Alzheimer’s disease is an ever-evolving condition; just when you’ve figured out how to best manage one symptom or behavioral issue, another springs up to take its place! While it’s certainly challenging, it’s also very rewarding to provide care for a loved one with Alzheimer’s, and the dementia care experts at Nightingale Homecare have some tips to help.
Regardless of what the behavior is – wandering, agitation, sleeping or eating difficulties, just to name a few – the best way to help your loved one is by looking deeper into the situation, below the surface symptom to the underlying reason for it. Take a deep breath, and a few minutes to explore the answers to these questions:
- What patterns can you piece together? Is the behavior occurring at the same time each day? Does it emerge around a particular activity, such as bathing or bedtime? Could there be a seasonal connection, such as during the winter months when days are shorter?
- What clues in the environment could be triggering the behavior? Is there heightened noise/activity level? Too many or too few people? A difference in temperature? Could other sensory input, such as bright lights or strong smells, be contributing to the issue?
- Are there any unmet needs? Is the person hungry, thirsty, or overly tired? Is there any unaddressed pain? Might the person need to use the restroom? Or has he/she been in one position too long and need some exercise?
Once you’ve compiled notes on the “why” behind your loved one’s behavioral issue, and ensured that there aren’t any underlying medical conditions that require attention, there are a number of ways to help the senior while deescalating the behavior – and oftentimes, creativity can be your best friend. Think outside of the box; you know your loved one, and you know what has worked in the past as well as what definitely did NOT work. Keep the following in mind:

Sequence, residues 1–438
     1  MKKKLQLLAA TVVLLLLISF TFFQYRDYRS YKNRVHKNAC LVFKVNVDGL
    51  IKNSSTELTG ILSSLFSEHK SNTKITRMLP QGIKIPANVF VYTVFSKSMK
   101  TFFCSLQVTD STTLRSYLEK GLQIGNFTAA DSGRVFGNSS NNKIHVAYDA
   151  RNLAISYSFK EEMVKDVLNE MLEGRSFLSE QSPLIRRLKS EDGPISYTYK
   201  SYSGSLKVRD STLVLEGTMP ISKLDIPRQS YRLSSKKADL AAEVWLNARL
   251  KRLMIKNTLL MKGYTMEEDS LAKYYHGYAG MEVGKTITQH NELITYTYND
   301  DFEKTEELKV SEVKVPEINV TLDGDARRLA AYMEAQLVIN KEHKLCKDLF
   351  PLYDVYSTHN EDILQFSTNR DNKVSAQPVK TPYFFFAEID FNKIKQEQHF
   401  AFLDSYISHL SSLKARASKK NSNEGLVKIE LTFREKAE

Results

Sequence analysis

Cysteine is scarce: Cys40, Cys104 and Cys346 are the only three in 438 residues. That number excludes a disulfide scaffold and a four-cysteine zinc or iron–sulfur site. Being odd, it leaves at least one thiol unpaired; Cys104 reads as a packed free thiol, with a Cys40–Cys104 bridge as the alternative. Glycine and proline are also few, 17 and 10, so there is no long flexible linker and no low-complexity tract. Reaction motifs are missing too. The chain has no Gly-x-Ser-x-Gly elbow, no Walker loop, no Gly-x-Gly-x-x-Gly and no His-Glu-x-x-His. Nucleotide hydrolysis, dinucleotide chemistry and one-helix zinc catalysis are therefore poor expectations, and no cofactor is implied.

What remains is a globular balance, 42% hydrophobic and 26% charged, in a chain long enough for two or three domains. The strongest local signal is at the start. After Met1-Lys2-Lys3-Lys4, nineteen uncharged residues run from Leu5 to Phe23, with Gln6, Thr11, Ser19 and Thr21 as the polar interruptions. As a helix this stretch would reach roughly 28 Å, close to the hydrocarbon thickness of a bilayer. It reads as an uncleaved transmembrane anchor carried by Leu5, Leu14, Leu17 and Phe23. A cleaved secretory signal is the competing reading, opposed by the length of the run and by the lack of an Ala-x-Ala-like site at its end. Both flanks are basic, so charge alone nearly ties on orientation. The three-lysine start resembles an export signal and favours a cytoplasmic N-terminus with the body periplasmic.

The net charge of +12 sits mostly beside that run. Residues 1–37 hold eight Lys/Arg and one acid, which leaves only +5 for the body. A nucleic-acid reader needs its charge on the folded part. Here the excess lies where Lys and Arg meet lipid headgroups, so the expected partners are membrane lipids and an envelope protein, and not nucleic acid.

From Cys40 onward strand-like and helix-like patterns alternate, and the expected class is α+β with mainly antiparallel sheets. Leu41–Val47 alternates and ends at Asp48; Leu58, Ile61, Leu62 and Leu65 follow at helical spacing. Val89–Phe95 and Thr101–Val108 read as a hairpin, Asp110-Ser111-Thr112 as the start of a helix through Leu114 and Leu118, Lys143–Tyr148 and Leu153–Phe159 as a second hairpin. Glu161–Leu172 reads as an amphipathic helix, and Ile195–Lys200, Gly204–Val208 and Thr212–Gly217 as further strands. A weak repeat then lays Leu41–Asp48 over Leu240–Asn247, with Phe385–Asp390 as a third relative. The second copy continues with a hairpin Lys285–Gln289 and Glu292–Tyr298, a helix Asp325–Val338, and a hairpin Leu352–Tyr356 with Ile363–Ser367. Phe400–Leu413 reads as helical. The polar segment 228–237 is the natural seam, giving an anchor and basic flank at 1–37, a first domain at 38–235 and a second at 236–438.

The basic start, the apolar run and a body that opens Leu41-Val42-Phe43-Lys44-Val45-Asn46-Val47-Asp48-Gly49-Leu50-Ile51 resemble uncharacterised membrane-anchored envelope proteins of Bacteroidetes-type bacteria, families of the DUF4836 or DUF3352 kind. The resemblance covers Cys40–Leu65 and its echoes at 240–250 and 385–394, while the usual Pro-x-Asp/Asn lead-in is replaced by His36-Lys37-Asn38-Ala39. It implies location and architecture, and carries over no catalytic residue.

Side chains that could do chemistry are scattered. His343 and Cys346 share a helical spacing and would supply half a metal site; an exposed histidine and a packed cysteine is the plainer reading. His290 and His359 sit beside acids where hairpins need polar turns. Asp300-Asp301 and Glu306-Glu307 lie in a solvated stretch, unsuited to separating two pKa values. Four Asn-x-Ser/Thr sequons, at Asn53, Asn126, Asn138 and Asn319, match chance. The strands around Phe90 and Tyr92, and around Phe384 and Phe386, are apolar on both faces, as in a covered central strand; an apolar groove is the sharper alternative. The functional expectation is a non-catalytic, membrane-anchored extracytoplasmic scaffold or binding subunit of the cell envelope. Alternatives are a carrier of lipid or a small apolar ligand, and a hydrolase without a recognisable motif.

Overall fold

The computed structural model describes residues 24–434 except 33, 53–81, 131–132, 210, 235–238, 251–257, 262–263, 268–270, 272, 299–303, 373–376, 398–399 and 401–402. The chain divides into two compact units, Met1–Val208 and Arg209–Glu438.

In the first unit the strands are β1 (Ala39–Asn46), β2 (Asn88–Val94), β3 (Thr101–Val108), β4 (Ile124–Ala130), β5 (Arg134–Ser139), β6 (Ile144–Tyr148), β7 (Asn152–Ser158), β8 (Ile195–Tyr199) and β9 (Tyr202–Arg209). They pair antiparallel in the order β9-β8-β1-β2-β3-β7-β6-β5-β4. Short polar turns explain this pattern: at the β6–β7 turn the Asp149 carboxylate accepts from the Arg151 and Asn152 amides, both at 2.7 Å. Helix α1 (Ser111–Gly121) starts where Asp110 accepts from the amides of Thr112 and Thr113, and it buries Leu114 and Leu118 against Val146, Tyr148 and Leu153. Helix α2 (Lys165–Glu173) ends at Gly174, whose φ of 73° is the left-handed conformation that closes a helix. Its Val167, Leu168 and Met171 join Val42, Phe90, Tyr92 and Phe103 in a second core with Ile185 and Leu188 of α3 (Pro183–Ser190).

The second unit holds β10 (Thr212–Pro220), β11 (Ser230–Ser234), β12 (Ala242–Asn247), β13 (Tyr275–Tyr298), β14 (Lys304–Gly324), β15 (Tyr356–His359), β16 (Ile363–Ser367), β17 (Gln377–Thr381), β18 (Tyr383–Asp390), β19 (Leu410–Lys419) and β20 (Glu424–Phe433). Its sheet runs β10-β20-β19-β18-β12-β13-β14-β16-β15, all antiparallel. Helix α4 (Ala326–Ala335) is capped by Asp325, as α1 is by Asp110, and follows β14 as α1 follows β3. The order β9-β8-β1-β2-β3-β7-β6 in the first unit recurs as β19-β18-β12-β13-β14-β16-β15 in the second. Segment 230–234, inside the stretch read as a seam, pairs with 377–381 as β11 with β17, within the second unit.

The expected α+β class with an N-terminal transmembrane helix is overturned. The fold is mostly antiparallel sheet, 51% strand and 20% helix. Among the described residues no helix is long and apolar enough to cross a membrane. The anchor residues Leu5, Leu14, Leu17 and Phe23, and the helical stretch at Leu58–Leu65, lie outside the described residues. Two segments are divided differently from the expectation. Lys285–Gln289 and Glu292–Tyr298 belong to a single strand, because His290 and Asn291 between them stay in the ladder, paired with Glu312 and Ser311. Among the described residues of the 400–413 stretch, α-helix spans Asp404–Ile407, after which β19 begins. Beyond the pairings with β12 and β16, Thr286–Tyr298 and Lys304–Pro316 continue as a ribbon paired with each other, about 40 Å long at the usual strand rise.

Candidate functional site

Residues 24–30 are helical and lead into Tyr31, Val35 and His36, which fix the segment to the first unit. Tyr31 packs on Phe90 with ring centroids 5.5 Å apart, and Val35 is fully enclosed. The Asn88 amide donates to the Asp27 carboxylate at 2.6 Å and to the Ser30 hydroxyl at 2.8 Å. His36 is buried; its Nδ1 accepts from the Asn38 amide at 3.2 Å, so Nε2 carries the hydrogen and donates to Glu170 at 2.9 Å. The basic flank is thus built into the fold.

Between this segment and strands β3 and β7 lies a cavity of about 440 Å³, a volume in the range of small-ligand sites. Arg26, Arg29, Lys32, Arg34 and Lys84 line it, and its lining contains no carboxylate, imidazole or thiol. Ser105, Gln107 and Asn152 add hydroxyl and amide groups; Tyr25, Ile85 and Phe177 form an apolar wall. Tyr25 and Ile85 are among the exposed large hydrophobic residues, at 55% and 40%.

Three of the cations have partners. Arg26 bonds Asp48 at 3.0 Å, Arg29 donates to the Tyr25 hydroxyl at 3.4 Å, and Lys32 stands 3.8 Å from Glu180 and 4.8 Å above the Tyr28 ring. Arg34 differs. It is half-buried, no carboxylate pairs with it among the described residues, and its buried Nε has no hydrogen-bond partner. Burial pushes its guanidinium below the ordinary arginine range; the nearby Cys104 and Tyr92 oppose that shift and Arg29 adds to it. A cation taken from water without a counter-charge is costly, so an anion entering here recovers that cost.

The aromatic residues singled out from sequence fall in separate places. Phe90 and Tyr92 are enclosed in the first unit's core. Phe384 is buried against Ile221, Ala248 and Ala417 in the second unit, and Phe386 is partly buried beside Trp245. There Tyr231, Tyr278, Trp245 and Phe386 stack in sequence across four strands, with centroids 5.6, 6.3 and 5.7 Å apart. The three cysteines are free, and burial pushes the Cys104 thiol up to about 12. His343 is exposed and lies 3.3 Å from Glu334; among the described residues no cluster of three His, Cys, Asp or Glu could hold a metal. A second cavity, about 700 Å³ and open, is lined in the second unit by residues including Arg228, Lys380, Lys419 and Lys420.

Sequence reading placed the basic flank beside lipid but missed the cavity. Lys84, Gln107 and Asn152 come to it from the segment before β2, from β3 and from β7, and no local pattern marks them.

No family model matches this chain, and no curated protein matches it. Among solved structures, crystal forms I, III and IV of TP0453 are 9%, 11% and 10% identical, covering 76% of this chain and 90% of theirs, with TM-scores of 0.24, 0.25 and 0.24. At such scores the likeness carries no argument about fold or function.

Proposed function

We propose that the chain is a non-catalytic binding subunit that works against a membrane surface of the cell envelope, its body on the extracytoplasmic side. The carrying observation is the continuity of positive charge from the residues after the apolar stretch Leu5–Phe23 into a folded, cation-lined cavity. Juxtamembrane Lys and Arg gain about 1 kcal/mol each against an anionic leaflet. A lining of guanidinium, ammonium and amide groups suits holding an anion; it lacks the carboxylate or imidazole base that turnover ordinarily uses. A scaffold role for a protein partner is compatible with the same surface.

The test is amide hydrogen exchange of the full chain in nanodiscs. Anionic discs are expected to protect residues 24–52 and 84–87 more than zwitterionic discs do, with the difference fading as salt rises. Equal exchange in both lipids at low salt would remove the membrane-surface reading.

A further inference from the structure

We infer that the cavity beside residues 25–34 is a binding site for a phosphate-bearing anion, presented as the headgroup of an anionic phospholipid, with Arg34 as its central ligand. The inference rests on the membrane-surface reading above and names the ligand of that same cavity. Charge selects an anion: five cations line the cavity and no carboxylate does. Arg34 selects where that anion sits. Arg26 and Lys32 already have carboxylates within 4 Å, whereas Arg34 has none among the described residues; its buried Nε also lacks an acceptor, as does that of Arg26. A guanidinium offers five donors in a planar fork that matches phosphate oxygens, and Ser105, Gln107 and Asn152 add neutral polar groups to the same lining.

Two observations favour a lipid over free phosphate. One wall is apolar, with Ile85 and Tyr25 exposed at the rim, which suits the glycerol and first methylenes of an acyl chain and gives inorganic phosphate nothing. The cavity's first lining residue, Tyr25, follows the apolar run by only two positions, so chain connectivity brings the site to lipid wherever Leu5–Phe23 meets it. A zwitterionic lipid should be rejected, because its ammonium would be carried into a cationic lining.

- Remain calm. It can be difficult to avoid getting caught up in the emotional momentum as your loved one’s behaviors accelerate, but it’s vitally important to maintain a sense of peace. The older adult will pick up on your mood and often respond accordingly.
- Keep a basket of “favorites” on hand. A favorite book or picture album, hobby or interest, beloved music, flowers, even a particular scent, such as a lavender or vanilla candle, can provide a needed distraction.
- Change locations. Take a walk outside and point out the interesting pattern on a tree, a kitten in the neighbor’s yard, children playing at the park. Even moving into a different room can often make a difference.
Perhaps most importantly, validate your loved one’s feelings. It’s understandable – and ok – to feel whatever he or she is feeling. Sometimes, just knowing we are heard and understood helps tremendously.
Nightingale Homecare’s specially trained Scottsdale Alzheimer’s care team is on hand to provide more tips and assistance with our Connections dementia care program. Certified as Alzheimer’s Whisperers®, we offer a unique approach to gentle, patient assistance in managing even the most difficult aspects of Alzheimer’s care. Contact us at (602)504-1555 to learn more or to schedule a free in-home assessment.